News & Perspective

FOURIER subgroup analyses: Who will benefit the most from PCSK9 inhibitors?

14 days ago, OP Editor

Earlier this year, the phase III, randomized trial FOURIER (n=27,564) unveiled a new treatment option – evolocumab, an inhibitor of proprotein convertase subtilisin/kexin type 9 (PCSK9), for hypercholesterolemic patients to reduce their cardiovascular risk.1 As previously reported, the trial showed a significant 15% risk reduction in the primary endpoint – a composite of cardiovascular death, myocardial infarction (MI), stroke, and hospitalization for unstable angina or coronary revascularization.1 In the recent American Heart Association (AHA) 2017 Scientific Sessions, two subgroup analyses of FOURIER further demonstrated that patients with peripheral artery disease (PAD) or a history of heart attacks may benefit the most from PCSK9 inhibitors.2,3

In these subgroup analyses, 8,402 patients had their most recent MI happened within 2 years, 5,285 patients had ≥2 prior MIs, and another 5,618 patients had residual multivessel coronary artery disease (CAD).2 Higher background risks of cardiovascular events or death were demonstrated in the latter two subgroups (104% higher for ≥2 prior MIs; 47% higher for residual multivessel CAD; p<0.001), yet both the relative and absolute risk reductions of major adverse cardiovascular event (MACE) with evolocumab as compared to placebo were greater in these groups (Table 1).2 On the other hand, patients with PAD in FOURIER (n=3,642) also showed a higher background risk, and the risk reductions with evolocumab in these patients were higher (Table 1).3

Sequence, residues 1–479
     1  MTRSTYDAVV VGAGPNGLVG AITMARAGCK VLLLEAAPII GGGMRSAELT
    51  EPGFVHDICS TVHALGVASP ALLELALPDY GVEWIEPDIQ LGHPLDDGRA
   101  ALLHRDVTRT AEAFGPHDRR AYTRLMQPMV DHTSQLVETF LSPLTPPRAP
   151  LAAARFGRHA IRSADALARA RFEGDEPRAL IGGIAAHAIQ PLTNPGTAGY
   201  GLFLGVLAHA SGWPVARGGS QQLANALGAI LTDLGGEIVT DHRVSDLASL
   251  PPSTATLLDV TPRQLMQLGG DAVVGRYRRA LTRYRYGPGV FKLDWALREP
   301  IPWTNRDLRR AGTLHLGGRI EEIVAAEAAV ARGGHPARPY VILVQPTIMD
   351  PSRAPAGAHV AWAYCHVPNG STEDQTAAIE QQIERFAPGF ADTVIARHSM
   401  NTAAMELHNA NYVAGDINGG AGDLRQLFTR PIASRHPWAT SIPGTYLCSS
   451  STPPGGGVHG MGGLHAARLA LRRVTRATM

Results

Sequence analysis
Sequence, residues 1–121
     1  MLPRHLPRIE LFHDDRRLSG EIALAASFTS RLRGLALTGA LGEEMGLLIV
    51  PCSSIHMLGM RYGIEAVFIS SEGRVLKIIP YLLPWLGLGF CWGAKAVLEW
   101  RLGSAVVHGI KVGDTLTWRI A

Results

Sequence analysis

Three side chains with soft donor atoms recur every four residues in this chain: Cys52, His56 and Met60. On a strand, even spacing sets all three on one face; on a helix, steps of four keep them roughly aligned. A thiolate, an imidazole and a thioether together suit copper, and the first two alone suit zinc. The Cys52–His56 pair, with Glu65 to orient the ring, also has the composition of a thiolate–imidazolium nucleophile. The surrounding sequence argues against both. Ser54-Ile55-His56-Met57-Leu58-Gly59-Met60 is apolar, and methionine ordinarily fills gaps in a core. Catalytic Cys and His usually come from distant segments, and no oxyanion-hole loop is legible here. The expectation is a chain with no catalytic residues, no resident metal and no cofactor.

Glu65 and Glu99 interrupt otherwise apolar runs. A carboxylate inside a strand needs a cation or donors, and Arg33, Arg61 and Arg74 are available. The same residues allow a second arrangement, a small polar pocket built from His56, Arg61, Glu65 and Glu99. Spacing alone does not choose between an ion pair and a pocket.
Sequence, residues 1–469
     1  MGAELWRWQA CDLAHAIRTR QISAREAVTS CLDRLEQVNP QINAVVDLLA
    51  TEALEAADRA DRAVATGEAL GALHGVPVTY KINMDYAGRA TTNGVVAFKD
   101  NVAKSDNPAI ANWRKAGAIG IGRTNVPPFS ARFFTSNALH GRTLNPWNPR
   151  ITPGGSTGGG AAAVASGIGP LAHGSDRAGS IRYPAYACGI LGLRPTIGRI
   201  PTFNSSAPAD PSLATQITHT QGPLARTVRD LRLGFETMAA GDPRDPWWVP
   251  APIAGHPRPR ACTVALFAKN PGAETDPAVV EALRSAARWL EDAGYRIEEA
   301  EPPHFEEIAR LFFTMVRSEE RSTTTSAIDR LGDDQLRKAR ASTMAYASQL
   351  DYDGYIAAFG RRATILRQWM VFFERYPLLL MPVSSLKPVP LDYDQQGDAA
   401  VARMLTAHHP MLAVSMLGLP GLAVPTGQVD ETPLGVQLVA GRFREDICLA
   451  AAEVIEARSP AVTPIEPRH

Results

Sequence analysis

“As we continue to look deeper into the data from the FOURIER study, we are able to identify subsets of patients that can derive even greater clinical benefit from intensive LDL-C lowering with evolocumab, in addition to what is achieved with statins alone,” said Dr. Marc Sabatine, the lead investigator of FOURIER.4

Of note, Dr. Marc P Bonaca, the lead author of the PAD subgroup analysis, pinpointed the risk reduction in patients with symptomatic PAD but no prior MI or stroke, which will usually be treated with high-intensity statin. “Among 60% of patients in the analysis who were already on high-intensity statins when they entered the study, there was still a significant reduction in major adverse limb events.”5

The analyses undoubtedly assist clinicians to identify patients who will benefit the most from evolocumab. “With these simple, readily identifiable features, you identify patients who are at higher baseline risk, and their relative risk reduction is also higher [when given PCSK9 inhibitors on top of statins],” mentioned Dr. Marc Sabatine, the lead investigator of FOURIER. “They offer one approach to tailoring therapy for our patients,” Dr. Sabatine believed.5

1. Sabatine MS, Giugliano RP, Keech AC, et al. Evolocumab and Clinical Outcomes in Patients with Cardiovascular Disease. N Engl J Med. 2017;376(18):1713-1722.

2. Sabatine MS, de Ferrari GM, Giugliano RP, et al. Clinical Benefit of Evolocumab in Patients with a History of MI: An Analysis From FOURIER. AHA 2017 Scientific Sessions; Anaheim, CA; November 13, 2017. Session LBS.02.

3. Bonaca MP, Nauly P, Guigliano RP, et al. Low-density lipoprotein cholesterol lowering with evolocumab and outcomes in patients with peripheral artery disease: Insights from the FOURIER trial (Further Cardiovascular Outcomes Research with PCSK9 Inhibition in Subjects with Elevated Risk). Circulation. 2017 [Epub ahead of print].

4. New Analyses Presented At AHA 2017 Show Repatha (evolocumab) Significantly Reduced Cardiovascular Events In Patients With Peripheral Artery Disease And In Patients With A History Of Heart Attacks. Amgen News Releases. 2017 (Accessed December 27, 2017, at

5. FOURIER: Aim PCSK9 Inhibitors at Highest of High-CV-Risk Patients? Medscape, 2017. (Accessed December 23, 2017, at


Menu Section